Chowder Chowdown – Ocean Wise spoons await
UPDATED: Nov 16, 2014
Chowder Chowdown goes this Wednesday… Full details here
Read about last year’s event:
When the dust settled at this year’s Vancouver Aquarium Chowder Chowdown, the undeniable big news of the night was that Forage chef Chris Whitaker successfully defended his championship title with a repeat of last year’s superb winning creamy spot prawn and chicharon chowder. Yew’s Ned Bell’s ‘The Big Red’ proved the popular fave, garnering the People’s Choice award. But that was not the point.
The real, much larger winner is the Ocean Wise program, and the reality that—in only a few short years—it’s spawned a generation of believers from within the culinary community and well beyond. These days there is no excuse to order any seafood (such as most commercially raised tiger prawns) off a local menu that’s not sustainable, given the proliferation of the Ocean Wise logo and its broad recognition.
I remember standing in C restaurant, back in 2005, at the program’s launch, listening to then-C executive chef Robert Clark, along with folks from the aquarium and the Suzuki Foundation. I thought how admirable it was that it got off the ground but at the same marveled at the delicious irony that the aquarium should be espousing what was essentially a seafood eating program. Well, that’s where my obviously still environmentally naive mind went at the time.
We’ve all come a long way since then—at least many of us have—thanks in great part to the efforts of projects such as Ocean Wise, to at least partially comprehend the direct connection between the health of our oceans and our own need for nourishment. Plus, I’d suggest that most, if not all, of the few hundred on hand to sample the 13 chowders have also made that connection.
It was also refreshing to see such creativity across so wide a spectrum of styles and kitchens at this hotly contested event that’s developed a serious cachet. Some 35 chefs and restos submitted recipes, from which the final 13 were chosen: That also speaks to the calibre of competition. This particular field boasted entries from restaurants large and small, independents and hotels, with an Okanagan contender (Brodo Kitchen, tied for second place) and institutional giant Sodexa Canada, which includes among its clientele St Paul’s Hospital.
However, no matter how many events such as this take place across the country (Chowder Chowdown has recently expanded to Calgary and Toronto), it remains that many of the species that we today take for granted as sustainable may not be so in a few years, unless governments everywhere address the vital need to strengthen our ocean protection programs, not weaken them. Yes, I’m looking at you, Canada.
The appeal of Chowder Chowdown (aside from its unique aquarium setting) lies in the range of dishes offered and depth of creativity, from the Vancouver Aquarium’s own white bean chowder with little neck clams and chorizo, and Brodo Kitchen’s / Codfather’s “outlandish mussels and saffron chowder”, to August Jack’s’ (Kitsilano) smoked oyster and Chanterelle chowder, and Cascade Room’s Dungeness crab, Ling cod and smoked bacon chowder.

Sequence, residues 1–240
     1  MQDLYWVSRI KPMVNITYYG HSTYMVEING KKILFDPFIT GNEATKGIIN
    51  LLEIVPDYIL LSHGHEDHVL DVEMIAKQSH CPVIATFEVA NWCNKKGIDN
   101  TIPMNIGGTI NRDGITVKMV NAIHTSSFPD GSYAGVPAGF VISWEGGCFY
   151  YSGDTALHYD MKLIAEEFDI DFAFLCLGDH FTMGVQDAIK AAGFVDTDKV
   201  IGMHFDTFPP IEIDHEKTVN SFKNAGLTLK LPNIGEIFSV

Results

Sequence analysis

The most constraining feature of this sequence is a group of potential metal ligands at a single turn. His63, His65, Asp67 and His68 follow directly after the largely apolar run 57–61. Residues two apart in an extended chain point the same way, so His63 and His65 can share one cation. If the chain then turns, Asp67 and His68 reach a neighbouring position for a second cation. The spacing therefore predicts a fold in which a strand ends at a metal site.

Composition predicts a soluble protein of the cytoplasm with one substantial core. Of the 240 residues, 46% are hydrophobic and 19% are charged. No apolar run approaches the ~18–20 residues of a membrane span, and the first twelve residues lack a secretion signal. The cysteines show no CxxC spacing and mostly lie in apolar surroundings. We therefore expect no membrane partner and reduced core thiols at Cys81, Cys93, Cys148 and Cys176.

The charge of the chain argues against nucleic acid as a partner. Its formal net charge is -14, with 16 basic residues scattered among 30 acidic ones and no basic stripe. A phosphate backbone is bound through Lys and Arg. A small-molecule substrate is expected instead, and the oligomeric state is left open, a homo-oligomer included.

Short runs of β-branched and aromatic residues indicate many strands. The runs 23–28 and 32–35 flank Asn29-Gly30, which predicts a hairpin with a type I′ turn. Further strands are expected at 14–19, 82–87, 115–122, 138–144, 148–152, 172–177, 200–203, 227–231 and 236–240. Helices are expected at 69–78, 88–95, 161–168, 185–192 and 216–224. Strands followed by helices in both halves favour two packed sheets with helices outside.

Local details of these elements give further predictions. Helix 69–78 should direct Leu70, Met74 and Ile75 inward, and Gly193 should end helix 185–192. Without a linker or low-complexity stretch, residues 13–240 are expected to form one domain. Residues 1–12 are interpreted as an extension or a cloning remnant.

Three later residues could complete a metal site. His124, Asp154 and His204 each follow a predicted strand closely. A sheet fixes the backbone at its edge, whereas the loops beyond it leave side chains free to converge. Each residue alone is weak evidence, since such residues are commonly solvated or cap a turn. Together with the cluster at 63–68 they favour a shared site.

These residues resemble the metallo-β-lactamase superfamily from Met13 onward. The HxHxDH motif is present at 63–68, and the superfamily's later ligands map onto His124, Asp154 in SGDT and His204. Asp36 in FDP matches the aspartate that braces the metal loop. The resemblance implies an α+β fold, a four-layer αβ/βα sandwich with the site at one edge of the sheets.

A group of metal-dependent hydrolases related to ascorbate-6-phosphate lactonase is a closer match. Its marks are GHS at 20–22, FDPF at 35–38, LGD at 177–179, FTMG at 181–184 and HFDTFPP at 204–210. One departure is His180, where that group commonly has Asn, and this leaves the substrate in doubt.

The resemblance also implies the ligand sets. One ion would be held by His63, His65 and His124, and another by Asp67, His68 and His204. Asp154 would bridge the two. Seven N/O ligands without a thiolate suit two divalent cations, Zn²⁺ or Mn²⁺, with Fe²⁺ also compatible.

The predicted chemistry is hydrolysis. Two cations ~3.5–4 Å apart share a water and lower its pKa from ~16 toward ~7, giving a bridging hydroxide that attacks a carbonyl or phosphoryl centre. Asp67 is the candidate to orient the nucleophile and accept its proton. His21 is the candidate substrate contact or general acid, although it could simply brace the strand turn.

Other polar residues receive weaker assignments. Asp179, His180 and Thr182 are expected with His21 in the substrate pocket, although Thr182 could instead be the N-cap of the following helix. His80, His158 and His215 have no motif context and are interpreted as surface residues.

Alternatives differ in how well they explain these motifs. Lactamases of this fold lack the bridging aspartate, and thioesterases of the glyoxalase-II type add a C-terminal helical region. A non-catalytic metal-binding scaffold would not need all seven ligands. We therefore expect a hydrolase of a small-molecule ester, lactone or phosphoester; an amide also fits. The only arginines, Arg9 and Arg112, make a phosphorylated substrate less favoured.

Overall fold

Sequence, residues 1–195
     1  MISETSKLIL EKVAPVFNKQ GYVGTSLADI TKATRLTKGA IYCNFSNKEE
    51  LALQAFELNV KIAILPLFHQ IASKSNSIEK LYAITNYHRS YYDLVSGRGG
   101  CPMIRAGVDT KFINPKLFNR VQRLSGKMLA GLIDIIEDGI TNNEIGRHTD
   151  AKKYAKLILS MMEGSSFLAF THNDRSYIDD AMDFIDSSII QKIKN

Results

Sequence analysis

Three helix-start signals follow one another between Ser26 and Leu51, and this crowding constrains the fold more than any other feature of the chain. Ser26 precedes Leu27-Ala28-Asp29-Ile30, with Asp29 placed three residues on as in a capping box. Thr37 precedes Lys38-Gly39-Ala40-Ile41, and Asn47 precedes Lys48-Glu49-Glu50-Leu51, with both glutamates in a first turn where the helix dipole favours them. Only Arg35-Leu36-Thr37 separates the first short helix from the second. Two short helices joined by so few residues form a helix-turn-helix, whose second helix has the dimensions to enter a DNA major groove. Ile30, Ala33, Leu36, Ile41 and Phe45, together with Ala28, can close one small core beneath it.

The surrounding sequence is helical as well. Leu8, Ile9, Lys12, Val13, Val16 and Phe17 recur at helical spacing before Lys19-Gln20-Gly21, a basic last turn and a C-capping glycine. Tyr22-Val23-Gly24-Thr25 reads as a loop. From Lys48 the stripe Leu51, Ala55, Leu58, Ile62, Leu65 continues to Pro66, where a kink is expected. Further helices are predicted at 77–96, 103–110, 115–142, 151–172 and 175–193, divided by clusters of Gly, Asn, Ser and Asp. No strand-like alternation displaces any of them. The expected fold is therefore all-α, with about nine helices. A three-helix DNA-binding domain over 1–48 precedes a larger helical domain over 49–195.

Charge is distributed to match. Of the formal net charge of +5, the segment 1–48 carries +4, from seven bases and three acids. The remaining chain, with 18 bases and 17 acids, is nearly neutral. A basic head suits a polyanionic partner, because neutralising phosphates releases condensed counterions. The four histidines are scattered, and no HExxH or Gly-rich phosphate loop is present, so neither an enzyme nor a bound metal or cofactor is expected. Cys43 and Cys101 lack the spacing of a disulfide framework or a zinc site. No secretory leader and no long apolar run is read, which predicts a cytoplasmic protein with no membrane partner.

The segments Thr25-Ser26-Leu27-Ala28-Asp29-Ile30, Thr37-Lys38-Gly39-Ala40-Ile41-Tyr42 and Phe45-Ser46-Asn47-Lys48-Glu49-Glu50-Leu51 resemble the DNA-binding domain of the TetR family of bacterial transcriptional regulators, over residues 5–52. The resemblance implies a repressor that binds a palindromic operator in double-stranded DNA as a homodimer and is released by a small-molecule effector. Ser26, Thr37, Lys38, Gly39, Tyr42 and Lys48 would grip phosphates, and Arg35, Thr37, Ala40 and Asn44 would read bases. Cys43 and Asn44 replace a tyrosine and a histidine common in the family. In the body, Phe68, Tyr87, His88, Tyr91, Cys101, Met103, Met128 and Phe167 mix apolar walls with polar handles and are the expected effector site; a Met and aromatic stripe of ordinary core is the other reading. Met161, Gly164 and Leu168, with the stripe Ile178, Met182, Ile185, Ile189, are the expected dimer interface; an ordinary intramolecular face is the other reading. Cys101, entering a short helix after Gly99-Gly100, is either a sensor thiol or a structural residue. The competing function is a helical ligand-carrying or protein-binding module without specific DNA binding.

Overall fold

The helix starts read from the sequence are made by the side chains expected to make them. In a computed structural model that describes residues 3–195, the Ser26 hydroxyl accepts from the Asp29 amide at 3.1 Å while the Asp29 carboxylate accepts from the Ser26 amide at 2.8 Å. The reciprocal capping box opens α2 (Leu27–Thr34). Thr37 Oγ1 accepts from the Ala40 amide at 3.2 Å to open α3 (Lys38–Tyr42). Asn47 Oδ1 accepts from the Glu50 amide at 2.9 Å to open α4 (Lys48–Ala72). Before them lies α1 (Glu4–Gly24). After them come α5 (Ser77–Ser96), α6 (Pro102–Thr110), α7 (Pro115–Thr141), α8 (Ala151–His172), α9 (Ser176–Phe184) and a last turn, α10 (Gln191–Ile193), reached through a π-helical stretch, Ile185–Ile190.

Indeed, if there was a recurring theme to this year it was the use of Dungeness crab (which popped up, usually with corn, ‘New England’ style in at least five entries). Dungeness is eminently sustainable and widely available for much of the year, as is Ling cod, which seems to be gaining in popularity. Also of note: the emergence of humpback shrimp, ably employed by Yew’s Ned Bell in his fruit and nut adorned pink peppercorn cream offering.
Added bonus: a selection of decent BC (often craft and nano) brews to go along, and occasionally very well matched, as in the winning pairing of Brodo/Codfather’s and Red Racer ESB.
Included on our judging panel of industry pros was Robert Clark, who as co-founder was instrumental in driving the genesis of Ocean Wise, when executive chef at C. Very soon (in early December) he’ll unveil his specialty sustainable seafood retail store and diner, the Fish Counter, right next door to Portland Craft, at Main and 22nd. Clark is adamant: he will not pander to demand for local species not in season but available from elsewhere, such as Russian sockeye, which this year is again expected to flood the market. (More on Fish Counter soon…)
I’m thrilled Chowder Chowdown has been so well received in Toronto and Calgary. Kudos to the Vancouver Aquarium for making it happen. Maybe we’ll soon see a cross Canada Chowder Chowdown with a national cook-off.
More to the point, though, in the absence of a widely championed, iconic ‘BC’ west coast dish, it’s time we formally embraced the success of Seafood Chowder—any style of chowder (regardless of inspiration that flows from the U.S east coast or Thailand’s west. And made it our own. On the proviso its ingredients are local and sustainable, of course.
All we need is a name (Farrago, maybe?) … and a proclamation.